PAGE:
I got a lot of interesting feedback / pushback on yesterday’s “Weekend thoughts: net cash in a rising rate world”, so I wanted to provide some quick follow up. Let me start with the most obvious: a lot of the pushback came from me using BLDE as my example of an over-cashed company. That was an error on my part; I wanted to use a company that had more net cash than market cap, and for some reason BLDE was just the first one that came to mind.
This is an interesting topic. Here's maybe a tad of perspective (not a prediction!) that you may find of interest. When I started on Wall Street in 1980, there were many companies with sizeable cash balances and nearly debt-free balance sheets (or only mortgage debt on owned properties). Why so conservative? A few reasons. 1) many companies were run by CEOs who had survived the Great Depression only because they were not debtors. They knew nobody was going to bail them out (for decades, the same was true of banks - not in the last two or three decades). Factor in a terrible downturn from 74-75, and then Volcker jamming rates to the moon in '81 - a period of immense challenge for most public companies - and that concern was only enhanced. 2) Hostile takeovers (and greenmail) were unheard of as no major investment bank was willing to go hostile. Only after the rise of a few mavericks (and Mike Milken at Drexel) were hostile actors able to get the financing they needed to be a real threat. In today's world a non-controlled company that keeps way too much cash will eventually attract an activist who tries to get the cash sent back or used up. 3) Stock buybacks were illegal throughout the 60s and 70s unless you made a tender offer to all shareholders (as Henry Singleton did when his stock got super cheap after he had used it as a super expensive currency to acquire 50 or so companies). And management was not generally incentivized with stock, so there was no imperative to "enhance shareholder value."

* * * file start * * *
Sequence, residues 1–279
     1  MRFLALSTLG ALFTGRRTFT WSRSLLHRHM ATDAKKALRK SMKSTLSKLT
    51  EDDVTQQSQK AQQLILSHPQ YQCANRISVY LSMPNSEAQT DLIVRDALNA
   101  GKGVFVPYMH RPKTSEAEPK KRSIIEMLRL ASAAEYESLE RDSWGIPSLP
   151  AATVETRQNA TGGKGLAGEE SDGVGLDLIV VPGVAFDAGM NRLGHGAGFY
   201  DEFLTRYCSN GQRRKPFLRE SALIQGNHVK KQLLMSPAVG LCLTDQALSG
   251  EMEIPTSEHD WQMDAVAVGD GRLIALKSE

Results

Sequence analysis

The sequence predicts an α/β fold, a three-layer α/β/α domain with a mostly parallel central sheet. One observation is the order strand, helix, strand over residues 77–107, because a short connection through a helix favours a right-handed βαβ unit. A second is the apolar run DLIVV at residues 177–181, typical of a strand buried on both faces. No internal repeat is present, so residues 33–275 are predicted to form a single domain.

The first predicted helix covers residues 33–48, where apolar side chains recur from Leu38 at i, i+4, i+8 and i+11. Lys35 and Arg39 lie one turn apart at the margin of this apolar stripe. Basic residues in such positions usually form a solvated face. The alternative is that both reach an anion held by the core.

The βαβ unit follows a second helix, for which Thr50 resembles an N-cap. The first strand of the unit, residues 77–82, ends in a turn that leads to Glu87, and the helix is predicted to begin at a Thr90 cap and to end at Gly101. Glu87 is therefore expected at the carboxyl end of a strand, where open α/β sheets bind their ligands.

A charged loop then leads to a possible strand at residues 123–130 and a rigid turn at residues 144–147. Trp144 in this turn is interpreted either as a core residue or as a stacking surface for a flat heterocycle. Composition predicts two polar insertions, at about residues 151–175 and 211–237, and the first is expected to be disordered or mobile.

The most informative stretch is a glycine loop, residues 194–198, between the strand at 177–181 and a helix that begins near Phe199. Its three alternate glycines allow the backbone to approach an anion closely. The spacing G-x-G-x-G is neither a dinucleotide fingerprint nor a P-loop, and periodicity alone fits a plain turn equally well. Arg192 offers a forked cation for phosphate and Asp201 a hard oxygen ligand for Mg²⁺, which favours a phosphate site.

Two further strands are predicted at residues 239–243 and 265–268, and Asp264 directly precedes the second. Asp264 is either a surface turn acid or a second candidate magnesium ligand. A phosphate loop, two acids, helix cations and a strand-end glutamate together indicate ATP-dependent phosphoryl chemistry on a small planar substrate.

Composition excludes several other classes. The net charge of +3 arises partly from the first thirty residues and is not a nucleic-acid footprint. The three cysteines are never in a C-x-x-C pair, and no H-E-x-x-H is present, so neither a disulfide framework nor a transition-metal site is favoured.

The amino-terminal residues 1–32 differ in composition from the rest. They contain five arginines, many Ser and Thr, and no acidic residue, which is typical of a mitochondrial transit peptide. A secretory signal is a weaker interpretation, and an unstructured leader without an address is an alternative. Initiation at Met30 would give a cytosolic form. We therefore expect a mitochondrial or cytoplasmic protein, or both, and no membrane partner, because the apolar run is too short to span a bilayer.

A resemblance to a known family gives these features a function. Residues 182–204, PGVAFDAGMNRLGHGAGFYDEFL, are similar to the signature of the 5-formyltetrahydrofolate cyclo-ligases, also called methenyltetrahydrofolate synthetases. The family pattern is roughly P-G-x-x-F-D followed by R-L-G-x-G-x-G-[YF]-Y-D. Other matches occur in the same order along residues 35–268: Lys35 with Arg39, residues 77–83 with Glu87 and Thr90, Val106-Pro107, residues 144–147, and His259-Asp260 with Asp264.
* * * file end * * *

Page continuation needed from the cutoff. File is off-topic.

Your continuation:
It has been a long time since an economic downturn with the magnitude of the Great Depression or the 73-75 debacle which was shortly followed by Volcker and his 20% interest rates. Given all of the other incentives to "optimize" cash, it's entirely possible that the next persistent downturn (whenever it occurs) will result in outsize #s of bankruptcies and loss of equity value as companies that could have maintained a financial cushion to pay down debt or see through a period of operating loss gave up that flexibility to the altar of stock buybacks and enhancing shareholder value.
One of the most interesting aspects of financial history to me is trying to understand the mechanisms of how markets get super cheap and super expensive relative to normalized valuations. And it seems that in recent years, many have internally accepted premium valuations as "normal." We may be about to find out if that belief has been misplaced.
I saw many quite suprised that ROIV didn't rally after the Roche drug acquisition annoucement. Yet another example of (soon to be) too much cash on the balance sheet. One could also say the same thing about BUR and the YPF news. Though yet to be collected, a windfall is all but guarenteed. In Burfords case the stock popped for a short period of time and settled back to where ot traded pre-YPF win. I guess having a crystal clear capital allocation framework is important. I'm not sure what the lesson is but interesting to think about
Great post and reply. Thanks for sharing your insights and knowledge. Valuable stuff, both sides of the same coin